Ethnic Identity and National Reclamation
The convergence of state and ethnicity is likely in most contexts and inevitable without the existence of a more powerful civic identity. Even if civic identity is the dominant source of national cohesion, its agreement with ethnic sub-identities is critical for maintaining solidarity during or after national crisis. After the Cold War, the formal dissolution of the Soviet Union left its member states with the challenge of reforming national identity in the absence of the ideology that had long bound them. By removing both the transnational authority of the USSR and any remaining confidence in the ideology that underpinned the Soviet Empire, states turned to the primary identity of their individual republics. As a result, the contested stability of supranational and national Communist identity was replaced with the immediately available ethnic identities that had persisted throughout the USSR. Importantly, the multi-state system was not sustained on ideology alone. The post-war Union was held together by brute force as was quickly demonstrated with the violent suppression of the 1956 Hungarian revolution and other uprisings until the system’s collapse.
The collapse of the Soviet Union came as a response to long-sustained and increasingly vocal expression of the disconnect between separate republican identities and subservience to the central state. Economic stagnation and deterioration fed calls for independence as material needs could not be met, stressing the central identity beyond its ability to provide unity. When the USSR was finally dissolved, the velvet revolutions that swept through much of its territory reflected the existence of powerful and cohesive identities to take on the reformation of the national organization. Ethnonationalism served as a powerful force for the consolidation of internally stable states that were available to serve as the foundation for new political organization. Not long after Czechoslovakia gained independence, it again divided along ethnic lines to reflect the uniqueness of the respective Czech and Slovak identities. The peaceful transfer of power in central/eastern Europe was possible because the territories there retained high levels of cultural homogeneity even under decades of dictatorship.
The balkanization of Yugoslavia after the Cold War reflected similar circumstances, but developed much more violently. Not far removed from the postbellum character of the USSR, Yugoslavia was reconsolidated under Tito’s leadership by 1945 and held together by a dictatorship under the banner of Communism. However, the territory of its governance was originally organized as an academic experiment that explicitly sought to combine the ethnic identities of various southern Slavic groups. The foundation of Yugoslavia drew its legitimacy as an ethnostate, entangling the practice of any form of government in the territory as an extension of the same. The Communist political identity could not be separated from the artificial ethnicity imposed from Belgrade. Conflict among decentralized groups was repressed under the governmental framework built to enforce the ideology of Yugoslavism, but its resurgence was practically inevitable once the veil of national identity finally came apart. The identity-crisis was released amid revolution, and Bosnians, Croats, and Serbs engaged each other in ethnic cleansing and interstate warfare.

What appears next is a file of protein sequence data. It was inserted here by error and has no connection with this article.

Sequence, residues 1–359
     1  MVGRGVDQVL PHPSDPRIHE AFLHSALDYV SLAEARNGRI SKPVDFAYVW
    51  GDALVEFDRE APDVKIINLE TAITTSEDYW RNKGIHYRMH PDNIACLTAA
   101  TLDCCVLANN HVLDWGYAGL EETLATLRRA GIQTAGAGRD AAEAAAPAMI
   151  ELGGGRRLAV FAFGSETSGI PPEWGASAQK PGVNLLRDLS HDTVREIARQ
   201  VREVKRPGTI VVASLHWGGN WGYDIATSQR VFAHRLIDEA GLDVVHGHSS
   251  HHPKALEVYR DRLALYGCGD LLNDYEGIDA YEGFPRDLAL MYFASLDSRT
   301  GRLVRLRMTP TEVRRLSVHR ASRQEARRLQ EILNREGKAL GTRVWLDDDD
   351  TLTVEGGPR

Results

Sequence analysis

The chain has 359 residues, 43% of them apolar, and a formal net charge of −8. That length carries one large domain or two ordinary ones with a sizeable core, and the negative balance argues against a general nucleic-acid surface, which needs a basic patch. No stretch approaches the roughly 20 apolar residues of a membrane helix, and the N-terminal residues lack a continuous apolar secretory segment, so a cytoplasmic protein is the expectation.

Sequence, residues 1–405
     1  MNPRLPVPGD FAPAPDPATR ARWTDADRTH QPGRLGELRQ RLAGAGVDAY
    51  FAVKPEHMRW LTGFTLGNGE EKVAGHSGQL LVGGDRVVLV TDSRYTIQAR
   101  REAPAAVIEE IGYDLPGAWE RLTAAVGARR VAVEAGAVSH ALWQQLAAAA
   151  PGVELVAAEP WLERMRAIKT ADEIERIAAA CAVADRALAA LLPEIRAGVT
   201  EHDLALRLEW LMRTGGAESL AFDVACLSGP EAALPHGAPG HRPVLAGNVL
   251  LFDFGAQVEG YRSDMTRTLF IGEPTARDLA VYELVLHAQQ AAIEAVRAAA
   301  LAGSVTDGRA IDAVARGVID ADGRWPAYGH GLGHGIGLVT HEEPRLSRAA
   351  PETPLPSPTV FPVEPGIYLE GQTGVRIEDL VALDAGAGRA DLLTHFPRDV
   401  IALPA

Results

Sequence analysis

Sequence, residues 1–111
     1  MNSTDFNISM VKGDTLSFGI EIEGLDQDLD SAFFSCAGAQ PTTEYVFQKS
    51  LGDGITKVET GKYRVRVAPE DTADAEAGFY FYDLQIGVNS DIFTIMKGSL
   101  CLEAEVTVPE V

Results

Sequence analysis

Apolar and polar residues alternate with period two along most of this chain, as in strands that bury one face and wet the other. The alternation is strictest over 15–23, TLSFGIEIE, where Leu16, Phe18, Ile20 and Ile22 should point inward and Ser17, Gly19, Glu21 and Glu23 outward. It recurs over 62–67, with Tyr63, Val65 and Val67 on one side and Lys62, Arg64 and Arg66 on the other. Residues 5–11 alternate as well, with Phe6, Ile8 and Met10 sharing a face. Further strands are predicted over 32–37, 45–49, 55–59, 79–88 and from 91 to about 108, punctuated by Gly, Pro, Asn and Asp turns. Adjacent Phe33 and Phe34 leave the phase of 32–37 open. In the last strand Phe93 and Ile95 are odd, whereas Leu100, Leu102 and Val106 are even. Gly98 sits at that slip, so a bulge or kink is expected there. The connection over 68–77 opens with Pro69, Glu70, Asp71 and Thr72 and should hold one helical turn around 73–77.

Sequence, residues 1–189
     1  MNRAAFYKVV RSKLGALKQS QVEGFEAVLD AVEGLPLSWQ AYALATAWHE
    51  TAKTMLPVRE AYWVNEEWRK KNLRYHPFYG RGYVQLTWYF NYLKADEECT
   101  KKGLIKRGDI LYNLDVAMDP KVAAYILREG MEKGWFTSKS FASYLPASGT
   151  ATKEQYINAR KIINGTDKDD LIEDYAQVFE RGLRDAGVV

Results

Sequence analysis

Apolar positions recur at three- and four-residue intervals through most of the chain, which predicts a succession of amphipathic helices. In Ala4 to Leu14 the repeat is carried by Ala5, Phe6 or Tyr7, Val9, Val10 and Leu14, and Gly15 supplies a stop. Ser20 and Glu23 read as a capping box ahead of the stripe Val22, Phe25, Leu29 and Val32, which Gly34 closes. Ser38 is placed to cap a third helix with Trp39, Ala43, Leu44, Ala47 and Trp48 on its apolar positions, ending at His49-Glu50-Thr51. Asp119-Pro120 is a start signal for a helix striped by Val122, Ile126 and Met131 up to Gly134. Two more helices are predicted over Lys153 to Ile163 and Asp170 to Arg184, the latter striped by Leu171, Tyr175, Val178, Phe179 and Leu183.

Both of these empires collapsed when their overarching identities failed, but the spectacular difference in their dissolution is explained by the manner in which they approached ethnic realities. The Yugoslav experiment attempted to redefine and centralize deeply held core identities, resulting in resentment that outlived the shape of the kingdom. The new authority ignored the intensity with which groups self-identified into “absolutely incompatible” ethnicities and immediately enflamed the passions of nationalist groups who felt that they had been “denied the right of self-determination” (Hayden 1995). By contrast, the Soviet Union “prided itself on being a multinational state” and permitted the expression of local identities to a far greater degree (Kolstø 1996, 119). The active resettlement of ethnic groups following World War II further facilitated subnational cohesion in a way that was not performed in Yugoslavia (Muller 2008, 27). Compared to Balkan state formation, Soviet states were able to fully recover their ethnic identities with relative ease as they concurrently settled their civic identity at the nation-state level. The Soviet Union failed to fully control the ethnic identities of its members as desired and unite them under a broader federalized one to outlast the regime in place. However, it granted them enough ethnic stability to transform into functioning states post-independence.